The global economic downturn hasn’t been kind to the motorcycle industry, but you wouldn’t know it if you were in India. That nation’s burgeoning middle class wants all the things the middle class wants anywhere, including the symbol of economic prosperity, personally-owned transportation—and a motorcycle is the most affordable ticket. That’s why Triumph India—a wholly owned subsidiary of Triumph Motorcycles UK—will debut a line of single-cylinder motorcycles in three years, according to an interview with Triumph India’s Managing Director Ashish Joshi that appeared in India’s Business Standard newspaper.
Joshi has since left the company—maybe for speaking out of turn?—but he revealed much in the interview. Triumph India is focusing on the small market for premium motorcycles, assembling “Completely Knocked Down (CKD)” kits to circumvent tariffs to offer bigger models like the Bonneville and Rocket III. When the Indian plant is set up, it will be assembling 10-14 bikes a day, a drop in the bucket for a nation of over a billion. But there’s not much demand for million-Rupee motorbikes with 100-plus mph top speeds—as we wrote earlier, Indians buy motorcycles and scooters in staggering numbers: 13.44 million in 2011, with almost all the models under 500cc. A small company like Triumph only needs a small slice of that huge pie.
The new models are code-named “Street,” and will use a liquid-cooled, four-valve head and displace between 267 to 350cc, according to a story in Motorcycle Sport and Leisure. We can imagine the engine would be installed in a range of different styles, mirroring the bigger models—a retro-styled classic, an adventure tourer (and it would have to be called a Cub, no?) and a naked roadster like the 675cc Street Triple.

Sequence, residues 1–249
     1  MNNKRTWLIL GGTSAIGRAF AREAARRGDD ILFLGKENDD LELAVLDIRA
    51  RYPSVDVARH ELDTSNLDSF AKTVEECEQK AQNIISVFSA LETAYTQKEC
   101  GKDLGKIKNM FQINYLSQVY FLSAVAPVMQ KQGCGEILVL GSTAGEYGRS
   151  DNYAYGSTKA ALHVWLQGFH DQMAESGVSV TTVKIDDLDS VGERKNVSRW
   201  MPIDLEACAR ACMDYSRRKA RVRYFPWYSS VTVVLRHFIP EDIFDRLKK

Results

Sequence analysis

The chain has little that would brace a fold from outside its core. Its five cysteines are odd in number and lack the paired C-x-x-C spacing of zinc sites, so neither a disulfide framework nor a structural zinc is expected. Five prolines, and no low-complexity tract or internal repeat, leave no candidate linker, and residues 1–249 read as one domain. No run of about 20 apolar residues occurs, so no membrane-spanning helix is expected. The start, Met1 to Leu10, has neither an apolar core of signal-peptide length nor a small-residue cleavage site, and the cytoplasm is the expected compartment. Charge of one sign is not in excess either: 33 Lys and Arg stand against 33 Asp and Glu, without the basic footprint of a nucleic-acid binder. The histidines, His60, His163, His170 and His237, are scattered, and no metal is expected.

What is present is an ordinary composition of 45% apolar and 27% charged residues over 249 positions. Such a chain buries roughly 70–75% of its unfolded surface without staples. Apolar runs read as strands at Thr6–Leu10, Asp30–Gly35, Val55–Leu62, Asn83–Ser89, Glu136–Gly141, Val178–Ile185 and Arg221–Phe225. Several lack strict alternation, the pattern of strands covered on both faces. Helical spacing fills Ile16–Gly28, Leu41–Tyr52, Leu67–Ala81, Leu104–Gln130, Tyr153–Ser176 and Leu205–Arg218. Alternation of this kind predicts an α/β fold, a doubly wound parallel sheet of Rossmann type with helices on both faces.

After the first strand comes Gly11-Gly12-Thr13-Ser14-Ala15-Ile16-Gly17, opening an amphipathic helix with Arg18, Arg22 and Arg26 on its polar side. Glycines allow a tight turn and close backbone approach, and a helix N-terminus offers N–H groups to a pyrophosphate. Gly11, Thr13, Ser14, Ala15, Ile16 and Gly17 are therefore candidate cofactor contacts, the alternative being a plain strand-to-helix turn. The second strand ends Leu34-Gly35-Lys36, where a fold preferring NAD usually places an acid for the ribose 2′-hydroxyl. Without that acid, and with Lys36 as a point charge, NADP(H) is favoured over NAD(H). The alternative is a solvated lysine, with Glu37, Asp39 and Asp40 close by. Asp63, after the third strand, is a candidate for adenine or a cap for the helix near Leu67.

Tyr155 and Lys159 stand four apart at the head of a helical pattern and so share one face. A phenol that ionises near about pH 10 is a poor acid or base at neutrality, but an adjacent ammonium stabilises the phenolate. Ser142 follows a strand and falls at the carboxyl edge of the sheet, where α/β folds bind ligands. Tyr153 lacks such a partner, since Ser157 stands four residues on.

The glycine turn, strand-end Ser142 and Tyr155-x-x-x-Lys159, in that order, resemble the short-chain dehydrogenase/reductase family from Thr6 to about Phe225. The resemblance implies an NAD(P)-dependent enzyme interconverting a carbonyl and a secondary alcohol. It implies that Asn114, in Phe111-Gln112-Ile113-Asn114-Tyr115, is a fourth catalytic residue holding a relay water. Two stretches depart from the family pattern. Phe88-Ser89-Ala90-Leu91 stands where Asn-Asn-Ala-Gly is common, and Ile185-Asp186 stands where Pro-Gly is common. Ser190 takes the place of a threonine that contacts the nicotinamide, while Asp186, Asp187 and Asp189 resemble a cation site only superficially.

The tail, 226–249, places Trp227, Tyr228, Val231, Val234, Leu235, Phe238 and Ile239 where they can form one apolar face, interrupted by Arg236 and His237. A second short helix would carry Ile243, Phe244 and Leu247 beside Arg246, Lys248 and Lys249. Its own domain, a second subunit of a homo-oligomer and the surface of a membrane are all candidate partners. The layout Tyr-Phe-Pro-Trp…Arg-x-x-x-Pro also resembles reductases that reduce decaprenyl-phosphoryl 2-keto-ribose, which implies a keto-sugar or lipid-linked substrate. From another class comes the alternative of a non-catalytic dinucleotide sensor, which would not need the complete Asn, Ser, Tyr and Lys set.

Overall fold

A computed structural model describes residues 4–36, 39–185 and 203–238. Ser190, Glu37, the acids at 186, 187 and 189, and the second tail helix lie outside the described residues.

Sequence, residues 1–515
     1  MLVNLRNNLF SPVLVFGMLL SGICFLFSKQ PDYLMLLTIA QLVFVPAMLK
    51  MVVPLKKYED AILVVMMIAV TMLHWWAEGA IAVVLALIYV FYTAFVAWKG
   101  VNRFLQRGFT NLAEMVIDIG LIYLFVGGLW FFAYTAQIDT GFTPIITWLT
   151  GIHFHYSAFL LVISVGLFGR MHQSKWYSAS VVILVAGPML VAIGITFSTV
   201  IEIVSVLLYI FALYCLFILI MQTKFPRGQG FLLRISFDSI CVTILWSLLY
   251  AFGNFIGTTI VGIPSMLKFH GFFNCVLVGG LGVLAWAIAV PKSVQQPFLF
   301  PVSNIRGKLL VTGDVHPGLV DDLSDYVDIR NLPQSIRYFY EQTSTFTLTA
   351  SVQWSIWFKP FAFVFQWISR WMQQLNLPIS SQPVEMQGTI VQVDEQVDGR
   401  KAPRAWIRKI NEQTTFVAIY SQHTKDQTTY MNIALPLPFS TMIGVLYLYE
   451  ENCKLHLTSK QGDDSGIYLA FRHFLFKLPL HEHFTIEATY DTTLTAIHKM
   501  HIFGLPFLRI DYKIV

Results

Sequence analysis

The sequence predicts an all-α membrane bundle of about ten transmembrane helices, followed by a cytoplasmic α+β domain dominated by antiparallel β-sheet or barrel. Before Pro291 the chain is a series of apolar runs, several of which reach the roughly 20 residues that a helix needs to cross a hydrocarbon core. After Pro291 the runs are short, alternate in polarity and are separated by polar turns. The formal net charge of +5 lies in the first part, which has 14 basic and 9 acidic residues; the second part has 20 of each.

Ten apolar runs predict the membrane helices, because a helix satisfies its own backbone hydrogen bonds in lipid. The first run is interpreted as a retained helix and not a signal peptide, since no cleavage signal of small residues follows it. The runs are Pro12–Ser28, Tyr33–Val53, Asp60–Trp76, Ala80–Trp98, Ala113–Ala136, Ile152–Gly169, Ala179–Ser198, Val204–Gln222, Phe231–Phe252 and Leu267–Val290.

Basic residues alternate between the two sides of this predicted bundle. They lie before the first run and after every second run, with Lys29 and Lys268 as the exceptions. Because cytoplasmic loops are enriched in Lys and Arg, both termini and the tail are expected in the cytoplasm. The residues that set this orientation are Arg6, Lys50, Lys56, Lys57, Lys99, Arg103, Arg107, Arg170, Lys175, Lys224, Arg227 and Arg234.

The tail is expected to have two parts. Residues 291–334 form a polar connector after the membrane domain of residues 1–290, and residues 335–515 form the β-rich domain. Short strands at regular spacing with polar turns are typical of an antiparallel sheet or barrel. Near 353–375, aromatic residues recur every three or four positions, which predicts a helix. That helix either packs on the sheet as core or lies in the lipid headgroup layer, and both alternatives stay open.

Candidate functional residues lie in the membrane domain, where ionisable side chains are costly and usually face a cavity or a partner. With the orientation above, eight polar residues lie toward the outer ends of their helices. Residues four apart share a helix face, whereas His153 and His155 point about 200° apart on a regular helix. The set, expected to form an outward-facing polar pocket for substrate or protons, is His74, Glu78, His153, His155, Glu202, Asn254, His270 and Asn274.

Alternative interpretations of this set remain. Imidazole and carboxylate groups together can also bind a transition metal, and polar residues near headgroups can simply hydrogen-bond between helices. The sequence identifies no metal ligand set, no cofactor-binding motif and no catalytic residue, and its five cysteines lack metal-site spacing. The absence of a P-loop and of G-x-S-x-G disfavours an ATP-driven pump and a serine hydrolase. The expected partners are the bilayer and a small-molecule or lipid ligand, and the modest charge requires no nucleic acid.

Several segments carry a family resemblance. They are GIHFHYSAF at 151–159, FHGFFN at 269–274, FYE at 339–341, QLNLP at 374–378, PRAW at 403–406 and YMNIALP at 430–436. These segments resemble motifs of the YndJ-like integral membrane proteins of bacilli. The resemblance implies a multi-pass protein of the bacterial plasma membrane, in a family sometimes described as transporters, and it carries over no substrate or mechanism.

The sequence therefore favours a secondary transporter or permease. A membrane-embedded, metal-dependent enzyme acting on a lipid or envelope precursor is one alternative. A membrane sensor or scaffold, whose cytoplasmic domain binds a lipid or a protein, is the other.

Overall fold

These models would almost certainly be manufactured and sold in other markets—Thailand and Brazil, certainly, but given the popularity of smaller sportbikes like Kawasaki’s Ninja 250R and Honda’s CBR250R, the idea of a budget-priced 350cc Street Single in the USA makes plenty of sense. Triumph’s American dealers lack an entry-level machine (unless you consider the $7699, 495-pound Bonneville “entry level”), so this would seem like a perfect way to get those who crave a Triumph entry to the Triumph brand.
If you want even more idle speculation, expect more bikes like this from all the non-Japanese brands. Both Piaggio (parent company of Aprilia and Moto Guzzi) and KTM have facilities in India, and KTM is already selling its street thumper there. Ducati would do well to trade on its history of single-cylinder motorcycles, too. Even Harley-Davidson has a plant in India, and has no shortage of small-bike names. Updated Sprint anyone?
Times have been relatively difficult for companies banking on expensive, large-displacement models, but we could be entering a Renaissance of fun, light, inexpensive one-lung models.